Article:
BALOONS ~ The New Yorker

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Photograph by Larry Sultan

 Thomas McGuane reads

Ten years before Joan Krebs left her , Roger, and moved back to Cincinnati, I spotted the two of them dining alone by the bricked-up fireplace in the Old Eagle Grill. She was a devoted daughter, her father a sportsman with well-bred dogs, who arrived once a year to peer at Roger and inspect the marriage. Roger always saluted his father-in-law’s departure with the words “Good riddance.” In those days, Joan stirred up our town with her air of dangerous glamour and the sense that her marriage to Roger couldn’t possibly last. There was nothing wrong with Roger, but talking to him was laborious. As the founder of the once famous Nomad Agency, he sold high-end recreational properties to members of his far-flung society, and he had taken on the language of his clients. After he described a drought-stricken, abandoned part of the state as a “tightly held neighborhood,” he came to be known as Tightly Held Krebs, or T.H. In the areas of Montana that were subject to his creative hyperbole, people bought god-awful properties, believing that they were an acquired taste. Renowned for his many closings, Roger was on the road a lot; this worked perfectly for Joan and me.

Joan made it clear, at the beginning of our affair, that this was not her first rodeo. She added, “I never do it to get anywhere.” That was all the justification we needed. I thought of Benjamin Franklin’s obscure dictum about “using venery,” and was reassured that our girl Joan was more ethical than that early American icon. I wouldn’t say I envied Roger, and I may even have enjoyed the limitations. I had all the advantages without the cares. The little I knew of their love life was a glancing mention of Roger’s vocalizations and importuning. Joan said she felt as if she were being regaled by him. I regret that I fell in love with her and, worse, never got over it.

When I stopped at their table at the Eagle, Roger rose to his feet, pressed his napkin to his chest, and gave me a hearty welcome. Hearty by Roger’s somewhat dainty standards, that is. I hugged Joan when she stood, running the tip of my forefinger up the small of her back and feeling her shiver. She rewarded me with a twinkle. The three of us sat, and they beamed at me with intense curiosity. There were several ways of viewing Roger; the nicest one credited him with enthusiasm and bonhomie, and this really was more helpful than, say, applying the standards used in one of Hemingway’s café scenes, where the queries were all about who was or wasn’t a phony. When Joan, Roger, and I sat down together, we were, strictly speaking, three phonies. There were a good many non-phonies scattered around the dining room. They looked rather dull.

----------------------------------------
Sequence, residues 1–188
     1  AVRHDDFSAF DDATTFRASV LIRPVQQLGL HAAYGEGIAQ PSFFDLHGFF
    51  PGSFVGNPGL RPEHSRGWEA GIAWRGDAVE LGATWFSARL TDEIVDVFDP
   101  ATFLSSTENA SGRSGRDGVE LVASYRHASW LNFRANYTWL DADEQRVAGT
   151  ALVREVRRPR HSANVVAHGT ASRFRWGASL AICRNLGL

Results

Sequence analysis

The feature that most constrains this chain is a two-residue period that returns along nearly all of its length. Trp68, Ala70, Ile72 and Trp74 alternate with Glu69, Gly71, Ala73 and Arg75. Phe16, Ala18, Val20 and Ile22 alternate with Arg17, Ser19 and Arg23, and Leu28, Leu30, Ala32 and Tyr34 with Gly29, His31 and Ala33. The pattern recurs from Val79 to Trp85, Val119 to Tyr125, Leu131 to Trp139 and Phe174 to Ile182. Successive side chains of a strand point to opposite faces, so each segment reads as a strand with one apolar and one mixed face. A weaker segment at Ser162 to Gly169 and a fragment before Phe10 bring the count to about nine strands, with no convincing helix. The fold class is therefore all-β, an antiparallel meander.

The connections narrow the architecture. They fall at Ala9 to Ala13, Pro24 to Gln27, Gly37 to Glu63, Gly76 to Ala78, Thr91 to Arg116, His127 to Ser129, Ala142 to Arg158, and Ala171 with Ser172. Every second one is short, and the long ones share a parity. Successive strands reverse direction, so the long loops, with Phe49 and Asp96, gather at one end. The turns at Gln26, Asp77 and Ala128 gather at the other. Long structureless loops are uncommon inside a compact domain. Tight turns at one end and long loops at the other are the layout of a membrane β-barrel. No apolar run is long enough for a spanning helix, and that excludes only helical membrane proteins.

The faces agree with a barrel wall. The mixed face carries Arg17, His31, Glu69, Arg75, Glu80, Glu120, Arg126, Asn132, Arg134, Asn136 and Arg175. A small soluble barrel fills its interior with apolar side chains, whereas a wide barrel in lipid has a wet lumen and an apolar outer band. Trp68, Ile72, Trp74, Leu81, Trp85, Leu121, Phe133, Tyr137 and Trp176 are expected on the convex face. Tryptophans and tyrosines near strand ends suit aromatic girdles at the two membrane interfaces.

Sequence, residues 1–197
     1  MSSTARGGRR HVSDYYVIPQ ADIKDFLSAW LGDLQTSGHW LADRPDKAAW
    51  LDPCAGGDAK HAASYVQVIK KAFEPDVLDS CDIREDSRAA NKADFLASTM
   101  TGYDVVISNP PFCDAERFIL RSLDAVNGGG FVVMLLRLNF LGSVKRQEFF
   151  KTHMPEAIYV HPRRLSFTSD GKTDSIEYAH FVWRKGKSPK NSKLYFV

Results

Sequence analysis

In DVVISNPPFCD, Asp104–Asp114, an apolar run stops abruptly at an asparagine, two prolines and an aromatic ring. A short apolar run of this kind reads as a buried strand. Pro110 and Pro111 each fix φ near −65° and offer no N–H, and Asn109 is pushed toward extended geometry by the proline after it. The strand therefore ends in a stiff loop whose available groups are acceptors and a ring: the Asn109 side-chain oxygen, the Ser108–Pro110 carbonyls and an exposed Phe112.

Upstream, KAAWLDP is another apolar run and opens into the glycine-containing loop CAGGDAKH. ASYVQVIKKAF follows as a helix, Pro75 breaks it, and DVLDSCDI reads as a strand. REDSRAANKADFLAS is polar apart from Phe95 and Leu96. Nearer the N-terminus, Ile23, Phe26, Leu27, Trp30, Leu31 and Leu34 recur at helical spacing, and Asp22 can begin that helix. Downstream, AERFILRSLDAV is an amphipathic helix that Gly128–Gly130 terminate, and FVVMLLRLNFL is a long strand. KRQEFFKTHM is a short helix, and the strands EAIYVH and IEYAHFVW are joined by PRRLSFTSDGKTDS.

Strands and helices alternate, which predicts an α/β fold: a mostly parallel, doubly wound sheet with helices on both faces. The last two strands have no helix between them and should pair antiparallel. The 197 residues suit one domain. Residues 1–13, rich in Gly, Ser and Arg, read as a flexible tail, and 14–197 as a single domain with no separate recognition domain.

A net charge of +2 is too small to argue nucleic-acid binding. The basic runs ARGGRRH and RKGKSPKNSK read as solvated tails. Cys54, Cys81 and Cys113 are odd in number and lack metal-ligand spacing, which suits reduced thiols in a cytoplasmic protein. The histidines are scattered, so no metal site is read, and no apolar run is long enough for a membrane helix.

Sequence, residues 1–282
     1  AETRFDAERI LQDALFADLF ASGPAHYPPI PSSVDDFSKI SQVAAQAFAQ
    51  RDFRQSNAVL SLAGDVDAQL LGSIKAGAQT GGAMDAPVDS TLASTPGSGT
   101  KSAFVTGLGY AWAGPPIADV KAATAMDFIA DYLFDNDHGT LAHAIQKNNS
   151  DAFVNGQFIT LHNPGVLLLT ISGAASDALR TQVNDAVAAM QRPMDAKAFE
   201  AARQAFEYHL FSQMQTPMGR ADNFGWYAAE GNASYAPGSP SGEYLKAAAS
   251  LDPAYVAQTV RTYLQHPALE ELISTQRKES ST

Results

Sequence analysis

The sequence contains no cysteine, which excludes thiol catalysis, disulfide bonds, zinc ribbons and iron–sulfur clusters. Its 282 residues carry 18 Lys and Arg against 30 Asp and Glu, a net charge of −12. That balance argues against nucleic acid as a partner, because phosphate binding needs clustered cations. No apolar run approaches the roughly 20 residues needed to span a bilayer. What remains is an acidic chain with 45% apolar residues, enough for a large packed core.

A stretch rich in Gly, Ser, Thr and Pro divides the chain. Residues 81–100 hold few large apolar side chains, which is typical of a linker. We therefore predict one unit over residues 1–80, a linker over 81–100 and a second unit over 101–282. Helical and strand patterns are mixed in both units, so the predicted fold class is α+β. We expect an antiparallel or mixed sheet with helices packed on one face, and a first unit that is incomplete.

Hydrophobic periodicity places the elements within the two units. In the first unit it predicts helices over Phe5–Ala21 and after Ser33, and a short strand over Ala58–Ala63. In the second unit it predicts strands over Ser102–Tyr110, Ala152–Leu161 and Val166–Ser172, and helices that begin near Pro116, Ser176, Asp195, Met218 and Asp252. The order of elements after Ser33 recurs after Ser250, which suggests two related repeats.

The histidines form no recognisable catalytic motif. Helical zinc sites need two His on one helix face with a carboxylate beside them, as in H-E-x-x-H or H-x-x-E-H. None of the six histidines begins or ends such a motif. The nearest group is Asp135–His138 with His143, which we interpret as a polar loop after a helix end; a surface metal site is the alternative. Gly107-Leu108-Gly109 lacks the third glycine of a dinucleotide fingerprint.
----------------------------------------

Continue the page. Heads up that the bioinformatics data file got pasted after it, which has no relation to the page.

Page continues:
Thomas McGuane on writing from dreams.

“You’ve come at the right time to settle a gentle dispute,” Roger sang. “Joan says that I alone approve of the fellow in the subway who shot the muggers. Please take my side! Mugging should be risky, as risky as speeding or mountain climbing.”

“Four boys were shot,” Joan said, leaning on her elbows and seizing her head. I glanced her way, and she held my gaze, her imperturbable face breaking slowly into a smile. No chance Roger would note any of this midway through his mugging aria.

“Risk!” he went on. “Look at all the deaths on K2. When you set out to rob, beat, or knife people, you should share in the peril. I want muggers to know that it’s a dangerous sport. Every game has rules. My hat’s off to the stouthearted fellow who filled them with lead. He could have been stabbed or something. Knives! They had knives!”

Quite inadvertently, as my hand rested in my lap, my fingers touched Joan’s. I let them intertwine. Roger noticed after all. “A little wine?” he asked. “Some candles?” Good one, but even this didn’t stop him. He looked up in thought. “In school, we had to write an essay on one of Dante’s circles of Hell,” he said. “We could pick whichever circle we wanted. I picked the Sea of Excrement.” He smiled. “I’m a realist, you see.”

Joan and Roger once came to my parents’ house for a visit. My father can be formal with new people, and they seemed wildly animated. Dad was charming and cordial, but, when they left, he said, “I wouldn’t piss on him if he was on fire. And I wouldn’t trust the wife farther than I could throw her.”

~~~ CONTINUE ~~~

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